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Grocery Reckoning Day

December 22nd, 2012 at 08:22 pm

This past week, I spent most of my free time either physically shopping for groceries (or xmas), comparison shopping for groceries, or entering data about my comparison shopping into a spread sheet. I swear, besides taking care of two sick kids and eating way too many Christmas cookies, that's ALL I did. I may have piles of boxes downstairs left to wrap for the kids, but I have grocery price data compiled for you dear readers!

I won't bore you all to tears though by listing things like the price of bananas and greek yogurt at 3 different stores. Instead, I'll just tell you the bottom line. We could reduce our weekly grocery bill by about 30% if we stop getting our groceries delivered. Thirty. Percent. That is a weekly savings of almost $50 or around $200/month. Or in other words, this single act alone would move us from the USDA's http://www.cnpp.usda.gov/Publications/FoodPlans/2012/CostofF... liberal to moderate food cost budget (a previously stated goal of mine). Sigh. And now what to do with this new knowledge?

I must admit, I knew we were paying a premium for our grocery delivery service. I figured the convenience cost was probably around 10-15%, and my husband and I both felt that with twins boys under the age of 3, that extra cost was worth it. But looking at the numbers, it is clear now that it is costing us at least double, possibly triple what we had assumed. And I hate to even think about how much more than that it was costing us before we started using our discount warehouse store for frozen and non-perishable items. Holy. Crap.

The idea of adding another hour to hour and a half of shopping into my week makes me want to gag though. I loath shopping, especially for something boring like groceries. But 30% is just too much. In fact, the amount that we could save by me spending that extra time each week is roughly equivalent to the amount I would make if I put that much extra time into my home business. So if it pays as well as what I do for a living pays anyway, how could it not be worth it?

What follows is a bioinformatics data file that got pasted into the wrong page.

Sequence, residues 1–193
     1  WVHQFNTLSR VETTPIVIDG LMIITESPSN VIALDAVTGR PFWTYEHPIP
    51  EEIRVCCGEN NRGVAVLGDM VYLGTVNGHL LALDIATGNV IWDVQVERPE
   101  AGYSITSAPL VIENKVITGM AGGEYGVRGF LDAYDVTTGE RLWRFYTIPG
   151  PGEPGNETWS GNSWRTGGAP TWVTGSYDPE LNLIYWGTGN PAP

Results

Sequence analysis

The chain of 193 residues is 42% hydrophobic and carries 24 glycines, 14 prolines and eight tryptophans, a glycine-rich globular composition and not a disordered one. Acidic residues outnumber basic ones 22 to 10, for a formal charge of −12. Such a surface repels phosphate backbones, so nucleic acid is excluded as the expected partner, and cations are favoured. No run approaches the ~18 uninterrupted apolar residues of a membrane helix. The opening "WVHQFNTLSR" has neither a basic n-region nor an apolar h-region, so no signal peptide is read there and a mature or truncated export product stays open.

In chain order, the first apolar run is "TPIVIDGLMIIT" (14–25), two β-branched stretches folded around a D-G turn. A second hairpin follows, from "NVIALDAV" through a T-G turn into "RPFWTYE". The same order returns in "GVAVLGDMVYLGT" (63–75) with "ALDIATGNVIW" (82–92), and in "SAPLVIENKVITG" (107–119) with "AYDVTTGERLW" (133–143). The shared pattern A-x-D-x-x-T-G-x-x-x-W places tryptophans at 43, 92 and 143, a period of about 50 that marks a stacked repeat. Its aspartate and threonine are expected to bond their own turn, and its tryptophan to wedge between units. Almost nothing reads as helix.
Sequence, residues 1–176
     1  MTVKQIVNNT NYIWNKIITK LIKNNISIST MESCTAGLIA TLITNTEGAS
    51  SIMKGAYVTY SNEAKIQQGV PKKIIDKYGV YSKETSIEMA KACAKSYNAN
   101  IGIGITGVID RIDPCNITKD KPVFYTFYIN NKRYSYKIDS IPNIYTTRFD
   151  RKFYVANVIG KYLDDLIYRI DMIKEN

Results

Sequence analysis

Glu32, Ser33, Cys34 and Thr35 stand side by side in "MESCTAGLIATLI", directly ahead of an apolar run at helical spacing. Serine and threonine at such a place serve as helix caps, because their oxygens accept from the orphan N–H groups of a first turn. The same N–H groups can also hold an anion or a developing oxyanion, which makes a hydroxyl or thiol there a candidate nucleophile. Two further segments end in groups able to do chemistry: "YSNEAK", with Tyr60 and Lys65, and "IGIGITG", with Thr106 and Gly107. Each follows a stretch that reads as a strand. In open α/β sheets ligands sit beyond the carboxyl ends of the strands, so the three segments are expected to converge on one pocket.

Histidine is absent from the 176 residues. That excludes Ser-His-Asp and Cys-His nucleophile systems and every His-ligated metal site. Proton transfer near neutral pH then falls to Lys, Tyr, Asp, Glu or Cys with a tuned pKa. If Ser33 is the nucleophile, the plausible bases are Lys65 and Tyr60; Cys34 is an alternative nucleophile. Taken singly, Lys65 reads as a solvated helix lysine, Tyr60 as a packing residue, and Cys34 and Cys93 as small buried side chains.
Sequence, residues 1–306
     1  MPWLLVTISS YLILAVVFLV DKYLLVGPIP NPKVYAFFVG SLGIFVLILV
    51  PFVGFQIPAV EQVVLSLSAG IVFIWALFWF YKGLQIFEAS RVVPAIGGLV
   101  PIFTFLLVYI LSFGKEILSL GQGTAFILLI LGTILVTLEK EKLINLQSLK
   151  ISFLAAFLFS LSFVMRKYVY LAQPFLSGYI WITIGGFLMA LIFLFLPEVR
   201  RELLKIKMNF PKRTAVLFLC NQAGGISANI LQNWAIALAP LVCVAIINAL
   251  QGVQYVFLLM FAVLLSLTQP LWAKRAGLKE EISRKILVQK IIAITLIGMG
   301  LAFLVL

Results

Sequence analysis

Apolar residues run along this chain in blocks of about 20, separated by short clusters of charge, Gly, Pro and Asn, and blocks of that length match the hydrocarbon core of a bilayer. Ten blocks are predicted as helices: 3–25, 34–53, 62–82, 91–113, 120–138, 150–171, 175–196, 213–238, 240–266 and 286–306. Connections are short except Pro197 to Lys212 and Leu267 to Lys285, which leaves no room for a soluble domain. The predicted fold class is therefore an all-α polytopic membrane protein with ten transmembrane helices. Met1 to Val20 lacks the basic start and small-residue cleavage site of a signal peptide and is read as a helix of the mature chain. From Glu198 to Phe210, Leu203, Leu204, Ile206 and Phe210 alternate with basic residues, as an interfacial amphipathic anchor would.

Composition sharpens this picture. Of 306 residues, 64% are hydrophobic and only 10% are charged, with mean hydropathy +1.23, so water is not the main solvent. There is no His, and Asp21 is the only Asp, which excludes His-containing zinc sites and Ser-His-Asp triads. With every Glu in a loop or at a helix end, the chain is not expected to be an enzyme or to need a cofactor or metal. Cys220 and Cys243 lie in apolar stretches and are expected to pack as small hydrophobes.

I still, however, can not wrap my head around the idea of bringing twin toddler boys with me during these weekly expeditions. I know some people do manage this somehow. If it were the difference between me eating or not I suppose I would too...maybe. If they were aged 3 and 1, where one could be in the child seat while the other held on to the cart, I think it could work. Or if they were even just a little older, 3 instead of 2, so that I could trust them to stay next to me instead of both running in opposite directions at the same time (or just plain sitting down and refusing to move anywhere), then it might work. But right now, they no longer both fit in the seat and they do NOT stay by the cart. It takes forever to dig one of those double seater carts they never have enough of out of the cart return bins (all the while blocking traffic) and its almost impossible to push them through the snow anyways. Our discount warehouse store has huge, two child cart seats that I love, and that I do manage with the boys occasionally. But these new weekly trips at the local super store -not possible yet.

Hubby, however, after looking over the numbers, has agreed to watch them for me on the weekends while I go. Normally this is the absolute last way I would like to be spending our precious family and personal down time on the weekends. But we have almost no money allotted for family outings during this year of debt reduction anyways, and the boys right now are at the age where during the winter they are almost as often sick as not, so many weeks (like this one) we can't do anything anyways. And by this time next year when we're out of this mess, I might finally be able to trust them to stay by the cart and hold mommy's hand.